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The Serious Risk Home Buyers Run by Skipping Inspections

Friday, September 16, 2022   /   by Laura Larson

The Serious Risk Home Buyers Run by Skipping Inspections

Skipping the inspection may seem like a smart move when you're attempting to make your offer as appealing as possible. Here is why it isn't: You might be tempted to take drastic measures if you're buying a property in a competitive market and your offers keep getting rejected. Some purchasers consent to forego inspections in addition to making an offer that exceeds the asking price or arranging a speedy closure.

That is rarely a wise move. The house may appear to be in good condition from the outside, but the real problems usually lie beneath the surface or with things that are difficult to spot as troublesome. For instance, the ordinary buyer won't be able to detect asbestos, nor will they be able to recognize signs of a termite infestation or an HVAC leak.

You shouldn't buy a home without having it thoroughly inspected, no matter how much you desire it or how emotionally committed you are to it. Imagine yourself six months from now, after you've completed the transaction and moved into your new house. When you try to turn on the heat and discover it doesn't work, you'll kick yourself because the remedy costs $20,000.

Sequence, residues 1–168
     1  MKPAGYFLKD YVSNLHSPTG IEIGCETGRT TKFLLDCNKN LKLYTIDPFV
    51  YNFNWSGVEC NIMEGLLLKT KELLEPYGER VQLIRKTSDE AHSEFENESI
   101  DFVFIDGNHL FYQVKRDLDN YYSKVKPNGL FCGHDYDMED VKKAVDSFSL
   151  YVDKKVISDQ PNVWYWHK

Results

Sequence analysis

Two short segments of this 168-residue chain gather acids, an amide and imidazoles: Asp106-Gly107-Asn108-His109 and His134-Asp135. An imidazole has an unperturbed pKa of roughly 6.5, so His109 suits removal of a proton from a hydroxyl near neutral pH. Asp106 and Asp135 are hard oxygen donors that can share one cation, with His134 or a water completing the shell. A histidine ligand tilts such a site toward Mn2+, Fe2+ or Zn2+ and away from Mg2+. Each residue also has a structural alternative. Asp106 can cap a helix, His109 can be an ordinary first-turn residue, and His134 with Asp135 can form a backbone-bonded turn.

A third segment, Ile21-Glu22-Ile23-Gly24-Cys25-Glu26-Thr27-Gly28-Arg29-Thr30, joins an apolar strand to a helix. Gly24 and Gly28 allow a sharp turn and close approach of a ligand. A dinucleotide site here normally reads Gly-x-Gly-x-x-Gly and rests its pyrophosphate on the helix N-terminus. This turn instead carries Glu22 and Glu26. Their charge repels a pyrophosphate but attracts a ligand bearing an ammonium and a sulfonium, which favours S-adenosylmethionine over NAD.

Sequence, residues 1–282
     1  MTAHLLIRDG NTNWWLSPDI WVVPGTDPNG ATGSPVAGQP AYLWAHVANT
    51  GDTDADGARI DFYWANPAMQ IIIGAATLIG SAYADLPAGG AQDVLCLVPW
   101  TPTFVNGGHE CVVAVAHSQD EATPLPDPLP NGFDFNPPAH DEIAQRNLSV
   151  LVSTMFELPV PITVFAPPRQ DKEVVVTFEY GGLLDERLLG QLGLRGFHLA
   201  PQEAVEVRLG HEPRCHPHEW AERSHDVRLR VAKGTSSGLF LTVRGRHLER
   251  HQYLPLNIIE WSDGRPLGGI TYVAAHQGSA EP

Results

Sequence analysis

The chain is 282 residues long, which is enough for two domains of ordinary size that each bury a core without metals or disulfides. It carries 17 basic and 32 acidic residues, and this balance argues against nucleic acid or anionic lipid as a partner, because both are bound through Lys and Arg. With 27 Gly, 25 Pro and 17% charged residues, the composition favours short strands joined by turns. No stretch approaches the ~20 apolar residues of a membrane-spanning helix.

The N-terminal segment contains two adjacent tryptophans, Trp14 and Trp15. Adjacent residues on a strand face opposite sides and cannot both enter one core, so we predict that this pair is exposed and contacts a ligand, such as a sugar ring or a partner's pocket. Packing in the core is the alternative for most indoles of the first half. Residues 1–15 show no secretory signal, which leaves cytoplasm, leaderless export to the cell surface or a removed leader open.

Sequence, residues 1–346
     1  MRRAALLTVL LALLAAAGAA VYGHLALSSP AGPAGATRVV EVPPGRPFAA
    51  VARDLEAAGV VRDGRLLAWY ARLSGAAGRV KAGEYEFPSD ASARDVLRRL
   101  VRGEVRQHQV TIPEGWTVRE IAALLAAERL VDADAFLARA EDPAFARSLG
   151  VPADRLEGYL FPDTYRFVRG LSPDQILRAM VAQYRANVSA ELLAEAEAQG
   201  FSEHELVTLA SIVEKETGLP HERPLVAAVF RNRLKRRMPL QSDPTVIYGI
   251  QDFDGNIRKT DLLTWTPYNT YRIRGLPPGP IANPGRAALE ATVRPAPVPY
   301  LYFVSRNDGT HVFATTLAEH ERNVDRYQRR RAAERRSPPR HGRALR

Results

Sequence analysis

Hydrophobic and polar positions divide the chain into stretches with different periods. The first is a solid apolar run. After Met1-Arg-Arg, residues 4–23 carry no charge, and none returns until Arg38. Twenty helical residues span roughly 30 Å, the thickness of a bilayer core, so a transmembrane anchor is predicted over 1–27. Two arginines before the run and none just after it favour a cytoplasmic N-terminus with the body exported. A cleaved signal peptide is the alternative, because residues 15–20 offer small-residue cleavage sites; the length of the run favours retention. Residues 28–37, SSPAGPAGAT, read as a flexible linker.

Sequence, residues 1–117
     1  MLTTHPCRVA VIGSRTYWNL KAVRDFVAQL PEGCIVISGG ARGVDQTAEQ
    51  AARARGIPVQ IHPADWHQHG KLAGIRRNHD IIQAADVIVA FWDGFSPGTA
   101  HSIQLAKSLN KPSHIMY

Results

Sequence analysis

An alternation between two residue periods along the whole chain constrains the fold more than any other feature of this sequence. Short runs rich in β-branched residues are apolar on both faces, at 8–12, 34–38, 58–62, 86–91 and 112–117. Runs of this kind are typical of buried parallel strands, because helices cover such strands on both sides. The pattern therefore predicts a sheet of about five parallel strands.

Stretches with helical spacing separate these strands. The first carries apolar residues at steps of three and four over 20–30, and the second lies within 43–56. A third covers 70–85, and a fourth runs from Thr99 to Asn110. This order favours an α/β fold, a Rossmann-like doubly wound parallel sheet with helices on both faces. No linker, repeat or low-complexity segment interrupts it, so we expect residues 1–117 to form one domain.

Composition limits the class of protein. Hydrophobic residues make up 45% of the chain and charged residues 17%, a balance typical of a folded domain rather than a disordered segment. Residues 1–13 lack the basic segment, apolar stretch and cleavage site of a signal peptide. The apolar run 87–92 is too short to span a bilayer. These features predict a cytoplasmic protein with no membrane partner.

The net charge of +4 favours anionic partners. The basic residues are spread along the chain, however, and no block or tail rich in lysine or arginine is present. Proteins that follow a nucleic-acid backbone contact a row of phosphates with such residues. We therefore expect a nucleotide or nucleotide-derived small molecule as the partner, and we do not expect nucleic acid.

You might not be able to see or think clearly while you're in the middle of a bidding war or when you've been looking for a home for seven months. Avoid getting sucked into the commotion. You could lose a lot of money by skipping the home inspection. Here are some different approaches to meet your demand for inspection while yet being cost-effective.

Pre-sale inspection
Before you put in an offer or sign a contract, inspect the house if you really like it. The worst-case scenario is that you invest a few hundred dollars in researching a house that you don't buy. Always err on the side of caution. You can waive your inspection contingency if you do inspect the house and it passes muster because you have already inspected it.

The seller’s inspection
Before listing, the seller will frequently have the property inspected. They do this so that they can either fix any problems before listing or so that consumers are aware of exactly what they are purchasing. It shields the sellers from further haggling and enables them to list the property at the right price right away.

The inspector's liability extends solely to the person who paid for and commissioned the inspection, which is the only problem. You might have no recourse if that inspector overlooked something.

Move quickly.
There is frequently a brief window of time between the deadline for proposals and the start of a deal. When there are several offers, in particular, sellers don't want to lose their momentum.

Schedule an inspection a day or two in advance if the market is moving swiftly. A reputable local agency will know an inspector who will do it if you are working with them.

The seller will feel more secure knowing that they won't lose momentum if you withdraw from the deal if you include a one- or two-day inspection contingency in your offer.

Bottom line
Avoid getting sucked into the excitement of a bidding war. If you find yourself getting frustrated, consider the big picture. The largest asset of your life is something you're buying. Because markets fluctuate, you don't want to be stuck in a house that you can't afford or, even worse, that you won't be able to sell because of structural or engineering problems that you overlooked by skipping inspections.